An estimated 1,500 to 2,000 buildings—including homes, commercial buildings and barns—had burned as of Tuesday afternoon, said Daniel Berlant, assistant deputy director for Cal Fire.
Smoke from the fires was thick throughout the region, making it difficult to see and breathe. Ash was falling from the sky, landing on grapes still hanging on the vines. Power outages affected many communities, and cell-phone service was limited as well. Residents were cautioned to boil water.
California Gov. Jerry Brown has declared states of emergency for Napa, Sonoma, Mendocino and Lake Counties, along with Butte, Orange, Nevada and Yuba. The California National Guard sent medical evacuation helicopters, firefighting helicopters and military police to assist local law enforcement. During a visit to California’s Office of Emergency Services on Tuesday, Vice President Mike Pence announced that President Donald Trump had approved federal emergency assistance for the state.
Many areas remained under evacuation orders, and roads were closed to allow fire crews to bring the blazes under control. As a result, many residents still did not know the full extent of damage to their properties. Grapes were hanging on the vine unpicked, and vats of fermenting wine sat alone in empty wineries as vintners focused on the safety of their coworkers and families. Those who did not lose unpicked grapes or wine due to heat damage still have to worry about smoke taint from the heavy haze.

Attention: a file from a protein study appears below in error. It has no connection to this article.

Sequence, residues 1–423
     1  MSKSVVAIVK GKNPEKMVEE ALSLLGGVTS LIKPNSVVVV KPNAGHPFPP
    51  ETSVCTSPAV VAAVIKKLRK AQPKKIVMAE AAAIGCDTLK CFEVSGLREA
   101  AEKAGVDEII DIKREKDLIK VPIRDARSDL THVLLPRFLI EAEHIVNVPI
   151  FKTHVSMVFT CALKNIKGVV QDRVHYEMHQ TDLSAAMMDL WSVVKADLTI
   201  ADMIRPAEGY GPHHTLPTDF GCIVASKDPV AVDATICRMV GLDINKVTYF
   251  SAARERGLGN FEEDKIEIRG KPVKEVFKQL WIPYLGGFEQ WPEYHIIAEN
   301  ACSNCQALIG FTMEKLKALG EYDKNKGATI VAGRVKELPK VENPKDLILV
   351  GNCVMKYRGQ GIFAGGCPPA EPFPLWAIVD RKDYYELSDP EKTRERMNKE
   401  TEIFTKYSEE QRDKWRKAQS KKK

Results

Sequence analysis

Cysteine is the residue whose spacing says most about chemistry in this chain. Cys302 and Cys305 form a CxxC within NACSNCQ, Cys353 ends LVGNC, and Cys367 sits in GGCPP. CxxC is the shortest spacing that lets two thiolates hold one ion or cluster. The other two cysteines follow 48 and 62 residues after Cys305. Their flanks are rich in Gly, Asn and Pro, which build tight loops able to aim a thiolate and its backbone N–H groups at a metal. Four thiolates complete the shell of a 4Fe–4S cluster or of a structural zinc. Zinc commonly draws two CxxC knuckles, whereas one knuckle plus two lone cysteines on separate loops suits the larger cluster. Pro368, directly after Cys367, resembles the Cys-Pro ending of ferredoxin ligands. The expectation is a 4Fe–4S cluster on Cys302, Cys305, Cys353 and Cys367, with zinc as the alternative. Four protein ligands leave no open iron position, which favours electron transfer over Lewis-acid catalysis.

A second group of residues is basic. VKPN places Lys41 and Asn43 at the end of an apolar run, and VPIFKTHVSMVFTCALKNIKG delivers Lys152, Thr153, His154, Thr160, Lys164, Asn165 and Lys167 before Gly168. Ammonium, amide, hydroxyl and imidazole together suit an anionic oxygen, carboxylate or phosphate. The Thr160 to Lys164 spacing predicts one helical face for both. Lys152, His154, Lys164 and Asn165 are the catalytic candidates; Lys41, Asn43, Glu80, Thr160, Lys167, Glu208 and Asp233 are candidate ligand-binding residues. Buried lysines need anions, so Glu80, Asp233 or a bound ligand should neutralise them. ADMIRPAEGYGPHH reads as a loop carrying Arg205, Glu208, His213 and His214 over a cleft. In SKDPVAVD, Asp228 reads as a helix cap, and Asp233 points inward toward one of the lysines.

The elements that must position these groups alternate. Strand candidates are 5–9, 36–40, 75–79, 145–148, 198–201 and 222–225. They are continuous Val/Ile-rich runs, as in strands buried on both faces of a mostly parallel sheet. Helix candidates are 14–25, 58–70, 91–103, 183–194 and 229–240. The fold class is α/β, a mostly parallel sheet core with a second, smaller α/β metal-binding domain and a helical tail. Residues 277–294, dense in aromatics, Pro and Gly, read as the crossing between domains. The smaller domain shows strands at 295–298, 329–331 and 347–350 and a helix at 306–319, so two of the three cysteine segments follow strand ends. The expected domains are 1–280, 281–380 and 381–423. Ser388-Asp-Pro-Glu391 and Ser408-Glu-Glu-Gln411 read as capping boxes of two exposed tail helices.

None of the largest fires had been contained as of Tuesday afternoon. Firefighters hope they can start bringing the fires under control in the next 24 hours, but winds are forecast to pick up speed on Wednesday, increasing the danger that fires will spread more quickly.
In Napa Valley, the Atlas fire has now burned 26,000 acres, according to Cal Fire, from the Stags Leap area to the northern limits of the city of Napa itself, prompting mass evacuations on the eastern side of the valley.
Signorello Estate Winery was destroyed. "Neither proprietor Ray Signorello, nor the winemaking team, have been able to access the property to fully survey the damage, but we do know the winery and the residence did not survive the fire," said a spokesperson in a statement. "The 2015 vintage of red wines and 2016 vintage of white wines were safely stored off the property in American Canyon. Winemaker Pierre Birebent, the winemaking and vineyard teams were on property fighting fire that evening but retreated when it overcame the building. All 25 employees are safe."
Dozens of other wineries and vineyards were threatened. Some buildings at Stags' Leap Winery were destroyed. Flames spread rapidly on Soda Canyon Road, home to many elite vineyards. While numerous media reports showed a photo of damage to the William Hill Estate sign, the winery has since confirmed that its buildings are intact and it has sustained only minor landscaping and vineyard damage.
Hundreds of guests were evacuated from the Silverado Resort as flames approached the buildings Sunday night; the resort remains closed. California Highway Patrol airlifted two dozen workers off of Atlas Peak late that night, according to the California Department of Forestry and Fire Protection.